This still leaves the fact that people can make wrong choices that hurt themselves and others –

    The fact that a choice hurts the person making it or others cannot mean that the choice is immoral. In many situations, any choice will lead to someone being hurt.

    If you mean that the choice that leads to the least harm is the moral choice, that’s just an expression of consequentialist ethics. But you cannot show that that theory, or any moral theory, represents objective truth rather than simply being a matter of preference.

    and they should be told so, because there are some choices which are flat out always morally incorrect.

    What choices are “flat out always morally incorrect?” Give us some examples. How do you know that they are morally incorrect?

    I will try to explain more later.

    Good.

    Would any of you be interested in explaining to me your positions on morality further? (i.e. defintions of morality, how you view/practice living a moral life, etc.) I’d be curious to know what you have to say.

    We don’t know if there’s any such thing as moral truth or fact. Even if there are such moral truths, we don’t know how to discover what they are. Since I have no reason to believe that there is such a thing as moral truth, I don’t believe it. I believe that our moral sense is an aspect of our minds, and our minds are a product or property of our brains, a biological organ shaped by evolution. Our moral sense is therefore also likely to have been shaped in significant part by evolutionary processes. Basically, many or most of our moral instincts or intuitions evolved to promote behaviors that helped our ancestors to survive and reproduce during our evolutionary history. These instincts and intuitions are elaborated by culture and other aspects of our environment.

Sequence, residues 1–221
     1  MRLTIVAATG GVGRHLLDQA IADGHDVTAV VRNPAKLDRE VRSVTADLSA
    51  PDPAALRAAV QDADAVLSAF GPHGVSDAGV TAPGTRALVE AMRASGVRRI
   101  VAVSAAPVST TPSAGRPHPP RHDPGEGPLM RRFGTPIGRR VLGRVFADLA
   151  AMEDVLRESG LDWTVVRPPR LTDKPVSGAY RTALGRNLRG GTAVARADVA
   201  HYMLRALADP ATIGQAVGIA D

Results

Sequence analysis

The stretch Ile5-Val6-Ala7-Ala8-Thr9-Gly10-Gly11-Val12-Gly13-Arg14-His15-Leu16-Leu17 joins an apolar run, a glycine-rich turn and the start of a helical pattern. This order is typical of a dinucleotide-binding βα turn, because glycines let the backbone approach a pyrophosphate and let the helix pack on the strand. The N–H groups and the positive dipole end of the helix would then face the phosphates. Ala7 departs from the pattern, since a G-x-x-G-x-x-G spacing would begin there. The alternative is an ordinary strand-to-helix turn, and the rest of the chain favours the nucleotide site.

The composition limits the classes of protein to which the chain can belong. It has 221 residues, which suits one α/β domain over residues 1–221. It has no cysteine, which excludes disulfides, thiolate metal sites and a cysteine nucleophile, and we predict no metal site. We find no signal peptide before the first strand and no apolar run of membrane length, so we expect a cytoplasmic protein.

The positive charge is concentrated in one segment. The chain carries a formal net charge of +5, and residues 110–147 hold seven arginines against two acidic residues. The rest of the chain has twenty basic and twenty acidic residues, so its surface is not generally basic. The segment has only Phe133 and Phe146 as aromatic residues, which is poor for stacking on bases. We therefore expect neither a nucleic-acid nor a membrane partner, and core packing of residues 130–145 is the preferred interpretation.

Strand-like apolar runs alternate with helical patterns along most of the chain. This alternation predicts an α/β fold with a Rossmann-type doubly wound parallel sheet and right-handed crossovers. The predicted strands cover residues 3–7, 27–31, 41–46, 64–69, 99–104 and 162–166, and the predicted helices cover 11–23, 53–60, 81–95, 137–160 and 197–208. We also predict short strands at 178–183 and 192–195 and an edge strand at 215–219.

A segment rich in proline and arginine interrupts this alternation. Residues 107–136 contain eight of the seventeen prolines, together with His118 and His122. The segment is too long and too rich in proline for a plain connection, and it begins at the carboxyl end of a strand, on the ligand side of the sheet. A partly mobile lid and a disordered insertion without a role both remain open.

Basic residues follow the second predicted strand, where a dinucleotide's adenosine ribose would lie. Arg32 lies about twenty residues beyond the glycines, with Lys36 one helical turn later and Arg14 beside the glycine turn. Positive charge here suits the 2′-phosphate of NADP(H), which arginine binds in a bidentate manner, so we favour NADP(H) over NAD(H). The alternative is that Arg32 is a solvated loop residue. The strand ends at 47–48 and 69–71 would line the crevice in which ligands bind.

18. 18
    sarah h says:

    Janelle says: “… God would have brought Steve into existence anyway, if that were His intention. God can work through any circumstances. He can and will bring new life into existence regardless of whether or not a woman has an abortion.”

    If you truly believe that, why is abortion wrong? God will take care of it.